We took the red-eye flight so it would have been nice to have just hopped in a cab at the airport in Lisbon and gone straight to a hotel. But all for putting a little extra “adventure” into every trip we take, we tried to figure out which metro station would take us to the correct train station that would take us to the lovely little hillside town of Sintra, where he had booked a bed and breakfast for our first few nights in Portugal.
It became very apparent very quickly that Portuguese people are some of the kindest we had ever in encountered in the world.
Every person we stopped (with our horrible attempts of asking for help in a weird mix of Portuguese and Spanish) was really eager to point us in the right direction or help us with our metro tickets. We made it to Sintra in one piece (although we considered throwing all of our luggage away because it was just too cumbersome for the train) and found the charming Villa Mira Longa, our bed and breakfast, after a high-speed taxi ride through twisty, narrow mountain roads.
Sintra is stunning. If there was ever a town that could be the backdrop for a fairytale, Sintra is it.
Nestled between lush, misty mountains and the Atlantic Ocean, Sintra is littered with castles and palaces, many within walking distance of the center of town. The first day, we walked down the hill after breakfast to Quinta Da Regaleira, a palace located in beautiful, expansive gardens.
We spent nearly five hours wandering through the gardens in awe. There were tunnels, grottos, caves, towers, and beautiful trees and flowers that just never ended. We were blown away because we were told by the owner of the B&B that this palace was the least interesting of what Sintra had to offer.
Perhaps the one downside to Sintra was the large amount of tourists. It seemed that we were running into Americans at every turn, which did take away from the Portuguese feel of the town. On the other hand, we met people from all over the world who were vacationing in Sintra.
At the B&B, there was a communal breakfast served each morning at large dining table downstairs. The first morning we had breakfast with a couple from Australia who spent nearly half of every year traveling. The next morning we sat down to breakfast with a couple of teachers from Switzerland. We decided we would try really hard not to discuss our dismal vacation time the following morning at breakfast. Luckily, an Slovak family, who was similarly pressed for time on their short vacation, sat with and talked about the millions of things they were trying to cram into their schedule. We felt very at home.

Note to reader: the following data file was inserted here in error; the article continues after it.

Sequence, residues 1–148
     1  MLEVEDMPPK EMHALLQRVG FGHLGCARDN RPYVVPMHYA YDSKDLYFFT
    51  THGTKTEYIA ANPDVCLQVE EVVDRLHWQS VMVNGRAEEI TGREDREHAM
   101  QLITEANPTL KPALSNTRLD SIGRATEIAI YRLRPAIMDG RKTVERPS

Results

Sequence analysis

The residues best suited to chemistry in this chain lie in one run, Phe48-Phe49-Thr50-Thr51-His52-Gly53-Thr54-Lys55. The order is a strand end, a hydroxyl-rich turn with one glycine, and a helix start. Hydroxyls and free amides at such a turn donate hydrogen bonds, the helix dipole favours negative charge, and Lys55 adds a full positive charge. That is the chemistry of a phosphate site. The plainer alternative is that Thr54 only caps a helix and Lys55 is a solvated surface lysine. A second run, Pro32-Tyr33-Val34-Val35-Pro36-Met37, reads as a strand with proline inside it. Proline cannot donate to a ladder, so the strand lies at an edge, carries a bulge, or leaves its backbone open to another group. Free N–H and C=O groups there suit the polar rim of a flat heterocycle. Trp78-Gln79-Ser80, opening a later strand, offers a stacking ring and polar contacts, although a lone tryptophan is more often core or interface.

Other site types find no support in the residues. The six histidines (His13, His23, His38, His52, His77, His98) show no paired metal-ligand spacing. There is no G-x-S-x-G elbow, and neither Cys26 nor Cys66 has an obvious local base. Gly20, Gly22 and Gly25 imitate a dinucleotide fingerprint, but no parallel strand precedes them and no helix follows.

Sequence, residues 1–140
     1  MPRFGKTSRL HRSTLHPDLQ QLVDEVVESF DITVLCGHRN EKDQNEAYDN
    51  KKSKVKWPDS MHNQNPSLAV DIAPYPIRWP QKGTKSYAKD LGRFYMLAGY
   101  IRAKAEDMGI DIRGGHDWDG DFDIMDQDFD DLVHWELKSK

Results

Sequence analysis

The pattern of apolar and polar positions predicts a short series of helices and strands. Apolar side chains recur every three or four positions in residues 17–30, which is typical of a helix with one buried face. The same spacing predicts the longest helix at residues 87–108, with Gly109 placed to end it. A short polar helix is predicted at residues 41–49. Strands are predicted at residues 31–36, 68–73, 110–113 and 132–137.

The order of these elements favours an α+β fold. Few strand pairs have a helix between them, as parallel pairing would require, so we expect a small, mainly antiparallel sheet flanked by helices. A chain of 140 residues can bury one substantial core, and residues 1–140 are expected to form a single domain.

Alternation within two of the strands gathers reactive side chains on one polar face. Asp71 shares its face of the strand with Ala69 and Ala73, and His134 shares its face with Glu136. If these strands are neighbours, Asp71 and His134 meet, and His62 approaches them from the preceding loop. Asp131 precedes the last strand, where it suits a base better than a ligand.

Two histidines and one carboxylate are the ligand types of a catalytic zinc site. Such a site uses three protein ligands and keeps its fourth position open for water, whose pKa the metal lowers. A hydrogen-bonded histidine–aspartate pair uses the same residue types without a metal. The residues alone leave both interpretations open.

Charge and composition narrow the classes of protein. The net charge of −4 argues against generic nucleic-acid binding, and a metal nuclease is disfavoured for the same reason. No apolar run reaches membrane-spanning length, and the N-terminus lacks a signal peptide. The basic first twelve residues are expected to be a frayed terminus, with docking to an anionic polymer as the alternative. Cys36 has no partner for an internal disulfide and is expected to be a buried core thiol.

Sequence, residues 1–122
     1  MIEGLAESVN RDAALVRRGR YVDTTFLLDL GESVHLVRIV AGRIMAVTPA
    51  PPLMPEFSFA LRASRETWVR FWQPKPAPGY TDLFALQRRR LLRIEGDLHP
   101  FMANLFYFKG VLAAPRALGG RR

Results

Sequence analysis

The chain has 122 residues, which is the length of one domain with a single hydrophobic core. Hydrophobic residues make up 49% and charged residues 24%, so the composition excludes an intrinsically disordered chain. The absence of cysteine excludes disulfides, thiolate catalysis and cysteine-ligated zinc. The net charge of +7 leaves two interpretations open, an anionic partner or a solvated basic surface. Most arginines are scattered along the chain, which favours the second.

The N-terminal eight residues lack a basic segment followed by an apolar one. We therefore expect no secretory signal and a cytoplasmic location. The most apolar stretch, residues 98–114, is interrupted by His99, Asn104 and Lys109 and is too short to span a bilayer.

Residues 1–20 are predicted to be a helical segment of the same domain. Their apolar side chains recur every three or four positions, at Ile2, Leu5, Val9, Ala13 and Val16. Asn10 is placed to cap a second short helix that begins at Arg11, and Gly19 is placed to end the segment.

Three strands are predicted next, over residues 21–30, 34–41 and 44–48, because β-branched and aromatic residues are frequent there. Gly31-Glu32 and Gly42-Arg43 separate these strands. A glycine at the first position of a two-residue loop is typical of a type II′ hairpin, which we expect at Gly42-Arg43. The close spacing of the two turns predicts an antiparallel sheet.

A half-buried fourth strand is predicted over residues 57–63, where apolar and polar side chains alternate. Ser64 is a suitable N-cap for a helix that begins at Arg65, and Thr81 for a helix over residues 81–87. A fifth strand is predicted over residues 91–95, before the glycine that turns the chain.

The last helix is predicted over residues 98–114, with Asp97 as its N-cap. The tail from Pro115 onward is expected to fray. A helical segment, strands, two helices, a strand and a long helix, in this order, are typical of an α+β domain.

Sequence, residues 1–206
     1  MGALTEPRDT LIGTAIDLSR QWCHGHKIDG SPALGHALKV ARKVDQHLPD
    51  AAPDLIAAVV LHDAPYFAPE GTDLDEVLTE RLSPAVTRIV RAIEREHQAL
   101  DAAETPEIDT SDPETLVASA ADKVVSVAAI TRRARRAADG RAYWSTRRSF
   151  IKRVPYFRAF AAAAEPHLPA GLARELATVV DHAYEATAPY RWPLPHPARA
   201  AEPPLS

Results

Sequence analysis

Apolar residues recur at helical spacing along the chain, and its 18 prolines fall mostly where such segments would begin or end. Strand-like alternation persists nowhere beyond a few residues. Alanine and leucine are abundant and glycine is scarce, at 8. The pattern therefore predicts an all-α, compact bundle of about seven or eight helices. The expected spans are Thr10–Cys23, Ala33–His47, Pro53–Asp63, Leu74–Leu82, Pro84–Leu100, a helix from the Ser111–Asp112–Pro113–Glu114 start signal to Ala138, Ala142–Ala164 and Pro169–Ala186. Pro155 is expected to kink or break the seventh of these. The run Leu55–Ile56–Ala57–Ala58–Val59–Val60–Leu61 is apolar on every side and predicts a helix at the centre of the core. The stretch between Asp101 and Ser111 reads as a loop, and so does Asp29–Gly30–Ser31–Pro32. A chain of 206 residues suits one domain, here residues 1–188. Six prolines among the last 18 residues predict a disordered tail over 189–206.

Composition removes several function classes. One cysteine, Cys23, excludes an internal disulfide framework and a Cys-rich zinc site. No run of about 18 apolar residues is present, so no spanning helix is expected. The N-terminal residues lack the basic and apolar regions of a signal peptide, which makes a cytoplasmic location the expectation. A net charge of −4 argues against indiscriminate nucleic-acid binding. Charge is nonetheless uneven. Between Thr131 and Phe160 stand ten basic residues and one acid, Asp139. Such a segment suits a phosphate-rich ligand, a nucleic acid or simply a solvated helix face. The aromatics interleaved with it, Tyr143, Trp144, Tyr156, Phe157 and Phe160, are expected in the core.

On our second full day in Sintra, we decided to visit two sights: The Pena Palace and the old Moorish castle. You could see both of these up on the mountain after the morning fog cleared each day.
When we woke up that morning, it was so foggy that almost nothing was discernible from our window. Feeling a little bummed, we wandered downstairs and were met by the manager of the B&B, who seemed to read our minds. He exclaimed with a boyish grin that visiting the Pena Palace in the dense fog was his favorite thing to do as a small child, because the large palace would suddenly pop out and tower menacingly over him as he hiked through the forest. As we walked through the winding forest, we did find it to be particularly magical and enchanting. We stumbled across a lonely lamp-post that made my hubby giggle with delight. Suddenly, we were in Narnia!
Around the next turn after the lamp-post, an oddly colored wall began to show itself through the fog. It truly was an excellent “entrance” by the Pena Palace.
The inside of the palace was certainly impressive, but we were plagued by loud tourists in the corralled hallways as we were pushed from room to room. I imagine it would have been an overwhelmingly awe-inspiring experience if it could be toured in silence.
For this attraction, the surroundings outside of the palace were much more enjoyable than the main tour inside. Luckily, the Castle of the Moors, or Castelo dos Mouros, is a relatively short walk from the Pena Palace. Being a world history teacher, I was particularly excited to see this castle that was built in the 700’s C.E. It’s amazing to walk along the walls of a structure as old as that castle. Beware, there are many steep steps at the castle so being in good shape helps. Hiking all the way to the top towers of the castle was very rewarding. The views of both the Pena Palace and Sintra were unforgettable.
Later that night, we were walking back to the B&B after dinner, and we noticed the Moorish Castle was brightly lit. It was a lovely sight on our last night in Sintra. Overall, the trip to Sintra was fantastic. It’s a charming little city full of history, but I was eager to move on to our next destination with the hope of a more “Portuguese” experience. Sintra is not a place where you’ll find yourself needing your Portuguese dictionary as the town caters heavily to foreigners.
The article was written by Natalya Pobedova a travelling nomad and backpacker from beautiful Brno Czech Republic. She is 27 and makes her living as a free lance web developer to support her travelling needs. Also she is running a lowcosters flight search website for backpackers as a hobby called http://www.travelsiders.com/ She dreams to visit Brazil and speak Portuguese fluently. She visited 14 countries already and most of them are European.